Acetaminophen/aspirin/caffeine/salicylamide (By mouth)
Acetaminophen (a-seet-a-MIN-oh-fen), Aspirin (AS-pir-in), Caffeine (KAF-een), Salicylamide (sal-i-SIL-a-mide)
Treats minor pain and reduces fever.
Exaprin, Medi-First Pain Relief, No PainThere may be other brand names for this medicine.
When This Medicine Should Not Be Used:This medicine is not right for everyone. Do not use it if you had an allergic reaction to acetaminophen or salicylates, or if you are taking other medicine that contains acetaminophen.
How to Use This Medicine:
- This medicine contains acetaminophen. Read the labels of all other medicines you are using to see if they also contain acetaminophen, or ask your doctor or pharmacist. Do not use more than 4 grams (4,000 milligrams) total of acetaminophen in one day.
- Missed dose: Take a dose as soon as you remember. If it is almost time for your next dose, wait until then and take a regular dose. Do not take extra medicine to make up for a missed dose.
- Store the medicine in a closed container at room temperature, away from heat, moisture, and direct light.
Drugs and Foods to Avoid:
Ask your doctor or pharmacist before using any other medicine, including over-the-counter medicines, vitamins, and herbal products.
Some medicines and foods can affect how this medicine works. Tell your doctor if you are taking any of the following:
- A blood thinner, such as warfarin
- Combination medicines that contain acetaminophen or aspirin
- Other medicines that contain caffeine, such as some diet pills and pain relievers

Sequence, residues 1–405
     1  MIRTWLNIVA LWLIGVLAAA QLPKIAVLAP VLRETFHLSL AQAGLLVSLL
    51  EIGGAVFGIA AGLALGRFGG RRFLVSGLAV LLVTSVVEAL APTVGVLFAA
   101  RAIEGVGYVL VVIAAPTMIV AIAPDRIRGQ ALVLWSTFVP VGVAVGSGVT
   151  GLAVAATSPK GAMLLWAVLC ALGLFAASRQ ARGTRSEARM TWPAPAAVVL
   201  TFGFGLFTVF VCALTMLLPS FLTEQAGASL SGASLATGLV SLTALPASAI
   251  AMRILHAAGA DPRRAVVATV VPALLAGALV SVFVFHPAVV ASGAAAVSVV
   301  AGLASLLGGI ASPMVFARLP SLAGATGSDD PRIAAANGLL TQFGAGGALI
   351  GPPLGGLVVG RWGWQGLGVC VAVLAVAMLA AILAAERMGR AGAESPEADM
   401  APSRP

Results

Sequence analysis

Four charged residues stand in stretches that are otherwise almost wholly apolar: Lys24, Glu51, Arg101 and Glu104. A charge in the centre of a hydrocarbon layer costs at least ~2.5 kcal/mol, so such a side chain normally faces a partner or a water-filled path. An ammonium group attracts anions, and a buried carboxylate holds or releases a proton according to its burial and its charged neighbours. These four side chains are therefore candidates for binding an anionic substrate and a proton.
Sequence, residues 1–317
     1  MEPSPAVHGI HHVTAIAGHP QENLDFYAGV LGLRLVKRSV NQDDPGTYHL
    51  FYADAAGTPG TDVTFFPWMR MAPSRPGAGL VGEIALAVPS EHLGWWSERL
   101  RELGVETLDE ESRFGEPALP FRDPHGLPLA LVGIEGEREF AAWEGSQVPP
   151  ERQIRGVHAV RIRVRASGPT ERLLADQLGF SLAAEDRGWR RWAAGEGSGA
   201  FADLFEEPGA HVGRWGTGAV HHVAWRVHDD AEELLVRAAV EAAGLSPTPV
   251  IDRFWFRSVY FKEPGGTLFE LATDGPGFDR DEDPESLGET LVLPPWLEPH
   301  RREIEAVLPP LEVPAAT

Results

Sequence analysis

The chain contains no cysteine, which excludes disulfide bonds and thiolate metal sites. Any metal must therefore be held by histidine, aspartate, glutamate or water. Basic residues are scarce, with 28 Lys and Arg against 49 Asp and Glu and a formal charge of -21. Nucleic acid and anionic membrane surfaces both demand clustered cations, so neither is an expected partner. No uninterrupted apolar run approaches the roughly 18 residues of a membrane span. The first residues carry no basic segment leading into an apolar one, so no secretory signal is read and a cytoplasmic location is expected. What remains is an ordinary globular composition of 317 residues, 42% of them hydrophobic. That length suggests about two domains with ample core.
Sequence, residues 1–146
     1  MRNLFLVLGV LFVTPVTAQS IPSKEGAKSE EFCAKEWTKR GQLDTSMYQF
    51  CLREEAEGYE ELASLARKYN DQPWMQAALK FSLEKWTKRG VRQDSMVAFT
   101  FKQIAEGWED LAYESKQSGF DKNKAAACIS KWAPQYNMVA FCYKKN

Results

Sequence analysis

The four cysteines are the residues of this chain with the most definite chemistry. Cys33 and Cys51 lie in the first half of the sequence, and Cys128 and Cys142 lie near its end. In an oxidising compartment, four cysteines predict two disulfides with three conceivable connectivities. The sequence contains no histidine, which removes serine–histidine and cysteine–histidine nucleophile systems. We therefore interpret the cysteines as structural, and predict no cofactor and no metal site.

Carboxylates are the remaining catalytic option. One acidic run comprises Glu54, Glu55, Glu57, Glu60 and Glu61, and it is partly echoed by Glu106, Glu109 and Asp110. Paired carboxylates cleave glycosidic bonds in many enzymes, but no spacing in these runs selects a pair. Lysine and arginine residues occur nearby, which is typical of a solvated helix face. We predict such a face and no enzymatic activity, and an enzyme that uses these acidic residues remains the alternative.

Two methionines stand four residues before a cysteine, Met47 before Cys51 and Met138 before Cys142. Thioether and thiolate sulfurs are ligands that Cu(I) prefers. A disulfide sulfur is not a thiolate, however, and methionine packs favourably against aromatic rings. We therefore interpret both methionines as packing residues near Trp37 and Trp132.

- Do not drink alcohol while you are using this medicine. Acetaminophen can damage your liver, and alcohol can increase this risk. If you regularly drink 3 or more alcoholic drinks every day, do not take any medicines that contain acetaminophen without asking your doctor. A drink of alcohol is 12 ounces of beer, 4 ounces of wine, or 1 ounce of liquor.
Warnings While Using This Medicine:
- Tell your doctor if you are pregnant or breastfeeding.
- Tell your doctor if you have liver or kidney disease, a stomach ulcer, asthma, or problems with your blood.
- Aspirin can cause a rare but serious illness called Reye syndrome in children and teenagers. Do not give this medicine to a child or teenager younger than 18 years, unless your doctor has told you to. If the child or teenager has behavior changes along with nausea and vomiting, call his doctor right away .
- This medicine may make you dizzy or drowsy. Do not drive or use machines if you are not alert.
- Do not have foods, drinks, or other medicines that contain caffeine. Too much caffeine can cause unwanted side effects.
- Carefully check the labels of all other medicines you are taking to be sure they do not contain acetaminophen or aspirin. Too much of these medicines can cause serious side effects.
- Tell any doctor or dentist who treats you that you are using this medicine. This medicine may affect certain medical test results.
- If your symptoms do not improve within 10 days, or if they get worse, call your doctor.
- Keep all medicine out of the reach of children. Never share your medicine with anyone.
Possible Side Effects While Using This Medicine:
Call your doctor right away if you notice any of these side effects:
- Allergic reaction: Itching or hives, swelling in your face or hands, swelling or tingling in your mouth or throat, chest tightness, trouble breathing
- Change in how much or how often you urinate
- Dark urine or pale stools, nausea, vomiting, loss of appetite, or stomach pain, yellow skin or eyes
- Fast or uneven heartbeat
- Unusual bleeding, bruising, or weakness
If you notice these less serious side effects, talk with your doctor:
- Dry mouth
- Nervousness, irritability, or trouble sleeping
- Ringing in your ears, or loss of hearing
- Unusual tiredness or drowsiness
- Warmth or redness in your face, neck, arms, or upper chest
If you notice other side effects that you think are caused by this medicine, tell your doctor
Call your doctor for medical advice about side effects. You may report side effects to FDA at 1-800-FDA-1088
Last Updated: 1/27/2017